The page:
I guess it boils down to how bad you want the house and do you feel the cost of the improvements you would have to make still makes the house fairly priced compared to what else you have seen in the market.
Back to your question is it reasonable - yes it is reasonable especially where he is a contractor, he should be able to address the shingle issue.
As to the termite abatement is there still a warranty in effect? If not you may want to have a termite inspection and get your own warranty (100-200). Non working hot water? How does he presently get hot water? (new hot water storage 800 - 1000) Non working garage door openers (small ticket items) A/C compressor is it working (if so plan on replacing down the line)
Total including roof without compressor 2500 or less. compressor 2000 ish
So you could ask for a credit, but remember unless it is cash back at closing it will only be a small percentage if you are reducing the purchase price and financng it. ie 5000 cash vs 80% financing on purchase price equals cash savings of 1000
Good luck don't let 5k stand in the way of your dream house especially in this very competitive market presently.
On some of the items you may get full credit, others partial and others none. Alot would depend upon how the negotiations went to get to the current point. Some will say it can't hurt to ask, alot would depend upon the situation of the seller and their position and motivation for selling. If you feel that you're in a strong position and there aren't other offers in the wings then perhaps it might work to attempt to renegotiate. The deadlines for this are very pressing at this phase so you need to make sure you have the time for everything. If you have a buyers agent they can best advise you and work on a game plan to go forward or walk away.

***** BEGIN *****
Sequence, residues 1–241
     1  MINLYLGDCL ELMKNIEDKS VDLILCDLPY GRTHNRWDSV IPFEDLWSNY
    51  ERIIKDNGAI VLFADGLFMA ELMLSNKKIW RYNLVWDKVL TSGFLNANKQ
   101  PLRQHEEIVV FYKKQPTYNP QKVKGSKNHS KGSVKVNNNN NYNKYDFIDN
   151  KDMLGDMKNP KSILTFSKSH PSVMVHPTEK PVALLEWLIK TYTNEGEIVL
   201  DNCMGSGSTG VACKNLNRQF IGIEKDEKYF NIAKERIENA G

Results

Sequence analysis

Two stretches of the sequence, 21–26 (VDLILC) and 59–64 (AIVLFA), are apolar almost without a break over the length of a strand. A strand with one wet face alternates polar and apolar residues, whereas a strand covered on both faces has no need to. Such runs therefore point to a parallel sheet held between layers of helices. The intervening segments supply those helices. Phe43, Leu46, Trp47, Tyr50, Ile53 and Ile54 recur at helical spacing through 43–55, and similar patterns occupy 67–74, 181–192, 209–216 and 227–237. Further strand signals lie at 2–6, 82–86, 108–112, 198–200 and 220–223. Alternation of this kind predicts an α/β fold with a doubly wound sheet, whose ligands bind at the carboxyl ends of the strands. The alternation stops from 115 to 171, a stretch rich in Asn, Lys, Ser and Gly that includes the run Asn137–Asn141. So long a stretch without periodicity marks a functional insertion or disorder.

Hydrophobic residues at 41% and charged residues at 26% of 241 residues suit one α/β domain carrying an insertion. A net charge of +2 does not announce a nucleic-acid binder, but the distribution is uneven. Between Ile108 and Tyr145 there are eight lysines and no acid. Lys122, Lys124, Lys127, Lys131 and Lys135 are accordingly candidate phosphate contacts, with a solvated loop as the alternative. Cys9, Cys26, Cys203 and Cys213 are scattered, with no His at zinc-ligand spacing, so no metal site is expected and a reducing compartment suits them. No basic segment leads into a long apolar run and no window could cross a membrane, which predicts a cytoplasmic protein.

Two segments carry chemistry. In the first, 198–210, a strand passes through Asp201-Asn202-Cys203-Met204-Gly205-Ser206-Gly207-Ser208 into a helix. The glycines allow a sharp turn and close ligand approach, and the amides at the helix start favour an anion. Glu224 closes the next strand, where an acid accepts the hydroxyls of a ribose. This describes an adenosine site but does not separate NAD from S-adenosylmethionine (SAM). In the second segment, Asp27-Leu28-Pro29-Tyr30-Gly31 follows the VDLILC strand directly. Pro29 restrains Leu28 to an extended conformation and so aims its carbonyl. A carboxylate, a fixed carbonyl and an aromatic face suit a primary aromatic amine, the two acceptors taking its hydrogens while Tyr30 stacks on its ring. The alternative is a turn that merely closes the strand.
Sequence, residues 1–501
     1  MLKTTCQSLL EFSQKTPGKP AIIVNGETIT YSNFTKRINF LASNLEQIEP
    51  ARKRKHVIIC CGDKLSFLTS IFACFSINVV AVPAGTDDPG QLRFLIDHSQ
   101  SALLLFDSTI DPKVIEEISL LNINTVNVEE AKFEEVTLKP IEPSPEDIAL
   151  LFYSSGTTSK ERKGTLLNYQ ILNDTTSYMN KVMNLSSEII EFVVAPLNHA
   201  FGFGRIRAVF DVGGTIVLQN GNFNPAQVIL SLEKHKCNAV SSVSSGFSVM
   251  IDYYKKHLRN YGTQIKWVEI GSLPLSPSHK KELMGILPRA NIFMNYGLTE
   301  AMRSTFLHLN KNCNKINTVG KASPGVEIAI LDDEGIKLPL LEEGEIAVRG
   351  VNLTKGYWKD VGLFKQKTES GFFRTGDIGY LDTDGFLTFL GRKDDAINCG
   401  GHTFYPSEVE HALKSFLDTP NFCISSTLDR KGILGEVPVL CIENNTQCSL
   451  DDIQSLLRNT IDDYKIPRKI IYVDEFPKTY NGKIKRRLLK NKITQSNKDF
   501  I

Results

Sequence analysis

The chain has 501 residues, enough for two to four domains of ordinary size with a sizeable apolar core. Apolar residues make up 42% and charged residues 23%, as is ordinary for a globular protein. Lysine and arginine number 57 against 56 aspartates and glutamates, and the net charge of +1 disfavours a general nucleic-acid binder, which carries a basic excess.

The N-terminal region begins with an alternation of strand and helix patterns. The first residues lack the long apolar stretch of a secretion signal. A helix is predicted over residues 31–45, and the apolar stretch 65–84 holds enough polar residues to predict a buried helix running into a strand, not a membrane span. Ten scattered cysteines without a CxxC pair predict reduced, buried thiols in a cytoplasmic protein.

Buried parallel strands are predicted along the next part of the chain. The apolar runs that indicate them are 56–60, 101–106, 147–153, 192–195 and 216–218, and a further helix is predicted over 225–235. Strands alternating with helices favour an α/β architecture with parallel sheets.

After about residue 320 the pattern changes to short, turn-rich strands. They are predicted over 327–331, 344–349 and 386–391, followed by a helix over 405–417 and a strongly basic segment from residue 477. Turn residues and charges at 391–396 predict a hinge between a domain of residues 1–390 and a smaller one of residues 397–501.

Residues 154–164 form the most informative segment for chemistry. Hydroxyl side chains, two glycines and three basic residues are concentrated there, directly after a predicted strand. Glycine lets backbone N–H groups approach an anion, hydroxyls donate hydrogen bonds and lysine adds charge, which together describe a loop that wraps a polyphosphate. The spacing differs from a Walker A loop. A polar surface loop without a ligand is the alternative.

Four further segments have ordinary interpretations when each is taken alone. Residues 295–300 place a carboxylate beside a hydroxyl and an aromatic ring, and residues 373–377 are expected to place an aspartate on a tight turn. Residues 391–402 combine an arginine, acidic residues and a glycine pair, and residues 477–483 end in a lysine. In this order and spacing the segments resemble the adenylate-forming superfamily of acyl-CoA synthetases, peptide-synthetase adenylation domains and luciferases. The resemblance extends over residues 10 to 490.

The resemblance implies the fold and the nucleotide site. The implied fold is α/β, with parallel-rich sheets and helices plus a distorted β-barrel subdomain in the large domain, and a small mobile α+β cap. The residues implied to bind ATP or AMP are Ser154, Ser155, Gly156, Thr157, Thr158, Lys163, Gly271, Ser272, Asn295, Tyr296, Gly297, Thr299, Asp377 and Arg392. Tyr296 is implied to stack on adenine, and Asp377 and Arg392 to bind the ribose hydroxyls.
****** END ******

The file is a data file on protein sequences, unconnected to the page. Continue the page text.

I wouldn't sweat the small stuff, but what bothered me was the shingle installation being to tight. Wood expands along its width, not lenght. If they are too tight than every year when you get really hot and humid weather they are going to expand and either buckle or start to break. This could be a big problem over the years and it is not easy or inexpensive to fix. It all makes me wonder about the quality of the work. Sealing in the roof ridge with insulation sounds like wood rot to me down the road.
This sounds like it may be an attractive home, but the issues you mentioned could cost you a bunch if they're not addressed now. My advice is to get a professional engineer/home inspector to look at these issues. It would be well worth the money spent. Even if you're had one already, a second opinion wouldn't hurt. You might also check with the building department where the home is located to see if the town has inspected the renovations and mention your concerns to them.
Although I've been selling homes for more than 20 years and have seen a lot, I'm not there looking at this house. I would get a professional to look at it and be prepared to walk away depending on what they say. I had a buyer walk about from a house not long ago as the cedar shake siding was cracking and starting to buckle. Turns out there were problems behind the siding.
Donald A Mituzas
Licensed Associate Broker
2008 Realtor of the Year
Director - Hudson Gateway Association of Realtors
Douglas Elliman Real Estate
If you are still negotiating this as a purchase, you can ask for anything.
If you have already bought it, check the warranty.
If there is no warranty - and in the other cases, too - check with your attorney.
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I would tred cautiously on this.